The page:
I don’t remember the first time I walked, but I imagine it went something like this: I stood at one end of the room with my mother and my father at the other end of the room.
Before that day I could probably do the kind of creative dangling that almost looks like walking, when somebody held me by the hands and shifted me from side to side as my feet barely touched the floor.
But this is the day when I will try a real honest walk on my own — all holds barred — with just two eager parents, miles apart, there to cheer me on. So I set out, wobbling at first, stumbling a bit, but unmistakably making it on my own from one set of arms to the other.
And then I imagine that my father lifted me high in the air with an exultant shout as if no one in human history had ever walked before. Then, after numerous kisses and exclamations, I probably felt like the most loved, the most marvelous boy in all the world.
After a time I could walk with more assurance but, for some reason, I didn’t receive so much praise. In fact, I can’t remember the last time that anyone praised me for walking across a room.
So I had to do other things. Simply walking just wasn’t good enough anymore. I had to strive to make a splash in other ways, just to get back to that feeling, that feeling of being noticed, of being picked up with a shout of delight, of being valued.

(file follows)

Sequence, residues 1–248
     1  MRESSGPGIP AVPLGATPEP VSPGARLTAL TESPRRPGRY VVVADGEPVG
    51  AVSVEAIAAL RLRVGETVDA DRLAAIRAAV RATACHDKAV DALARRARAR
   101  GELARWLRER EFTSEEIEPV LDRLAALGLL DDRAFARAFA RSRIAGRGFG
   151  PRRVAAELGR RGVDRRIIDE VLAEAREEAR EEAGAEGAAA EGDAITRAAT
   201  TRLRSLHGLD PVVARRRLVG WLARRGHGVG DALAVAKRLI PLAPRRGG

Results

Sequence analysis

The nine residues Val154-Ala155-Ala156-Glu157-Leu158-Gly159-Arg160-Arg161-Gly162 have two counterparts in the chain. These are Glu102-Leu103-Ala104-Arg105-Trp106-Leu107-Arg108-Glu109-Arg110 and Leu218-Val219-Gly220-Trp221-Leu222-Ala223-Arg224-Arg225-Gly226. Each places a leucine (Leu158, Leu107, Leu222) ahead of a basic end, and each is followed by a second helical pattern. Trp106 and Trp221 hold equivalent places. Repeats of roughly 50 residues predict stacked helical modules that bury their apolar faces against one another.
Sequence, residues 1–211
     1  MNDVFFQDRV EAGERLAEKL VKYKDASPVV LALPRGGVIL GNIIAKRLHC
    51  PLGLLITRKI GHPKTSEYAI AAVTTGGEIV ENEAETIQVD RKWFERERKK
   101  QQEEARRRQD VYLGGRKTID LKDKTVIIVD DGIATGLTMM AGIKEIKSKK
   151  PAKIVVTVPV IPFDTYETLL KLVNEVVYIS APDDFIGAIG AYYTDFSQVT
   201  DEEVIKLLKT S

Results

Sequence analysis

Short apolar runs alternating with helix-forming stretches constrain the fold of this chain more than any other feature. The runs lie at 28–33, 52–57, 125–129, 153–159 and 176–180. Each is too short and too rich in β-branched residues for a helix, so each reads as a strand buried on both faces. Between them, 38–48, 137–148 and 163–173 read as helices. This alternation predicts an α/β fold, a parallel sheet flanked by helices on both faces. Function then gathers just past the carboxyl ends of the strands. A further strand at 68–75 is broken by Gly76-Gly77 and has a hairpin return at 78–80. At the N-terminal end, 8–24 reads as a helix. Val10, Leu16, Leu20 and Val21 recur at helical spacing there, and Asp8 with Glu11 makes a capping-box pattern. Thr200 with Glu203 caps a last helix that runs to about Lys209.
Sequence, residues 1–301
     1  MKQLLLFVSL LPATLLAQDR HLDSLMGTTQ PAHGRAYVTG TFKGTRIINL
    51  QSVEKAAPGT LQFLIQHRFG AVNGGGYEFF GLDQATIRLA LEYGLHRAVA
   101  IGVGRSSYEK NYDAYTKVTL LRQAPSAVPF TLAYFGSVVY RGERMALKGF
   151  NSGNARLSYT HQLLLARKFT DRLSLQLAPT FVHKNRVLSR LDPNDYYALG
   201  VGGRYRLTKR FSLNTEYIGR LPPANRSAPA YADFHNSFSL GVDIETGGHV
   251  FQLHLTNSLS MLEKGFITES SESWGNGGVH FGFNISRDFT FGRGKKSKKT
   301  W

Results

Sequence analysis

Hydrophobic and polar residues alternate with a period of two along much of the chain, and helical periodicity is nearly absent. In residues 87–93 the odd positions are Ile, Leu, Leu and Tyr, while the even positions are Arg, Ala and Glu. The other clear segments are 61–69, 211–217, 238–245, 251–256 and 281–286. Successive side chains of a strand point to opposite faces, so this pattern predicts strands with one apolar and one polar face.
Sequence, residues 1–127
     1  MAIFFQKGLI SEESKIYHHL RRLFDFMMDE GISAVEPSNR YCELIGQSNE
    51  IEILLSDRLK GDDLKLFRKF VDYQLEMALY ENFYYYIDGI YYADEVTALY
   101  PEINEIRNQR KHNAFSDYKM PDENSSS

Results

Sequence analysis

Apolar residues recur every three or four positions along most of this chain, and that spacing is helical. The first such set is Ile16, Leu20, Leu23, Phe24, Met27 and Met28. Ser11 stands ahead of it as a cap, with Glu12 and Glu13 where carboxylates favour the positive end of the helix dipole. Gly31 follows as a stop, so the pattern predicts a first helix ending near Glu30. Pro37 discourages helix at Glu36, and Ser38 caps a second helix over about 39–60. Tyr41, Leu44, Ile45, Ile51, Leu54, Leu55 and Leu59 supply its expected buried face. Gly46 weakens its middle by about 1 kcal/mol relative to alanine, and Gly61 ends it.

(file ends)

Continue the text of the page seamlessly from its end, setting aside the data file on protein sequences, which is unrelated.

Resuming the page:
For the most part, we don’t have much experience with unconditional love, so we try to create conditions in which we will feel worthy of love. We do not entirely trust love without reasons, so we strive to create reasons for the love received.
And in all that striving, it’s easy to lose sight of the fact that my parents did not praise me because of my accomplishments. Rather, they praised my accomplishments because they loved me, and would have loved me if there were no accomplishments to praise.
If parents sometimes have something like unconditional love, a love without reasons, for their children, how much more so does God love God’s own children? All of our striving to try to win something that is ours already. God values you, not because you have distinguished yourself in some way, but because you are God’s beloved.
Thanks to Martin Copenhaver for these wonderful words.
Spend some time thinking about how much God loves YOU, not for what YOU have done or accomplished, but because YOU are God’s own child.
GOD IS WHISPERING IN YOUR HEART. JUST TUNE IN YOUR EARS!!
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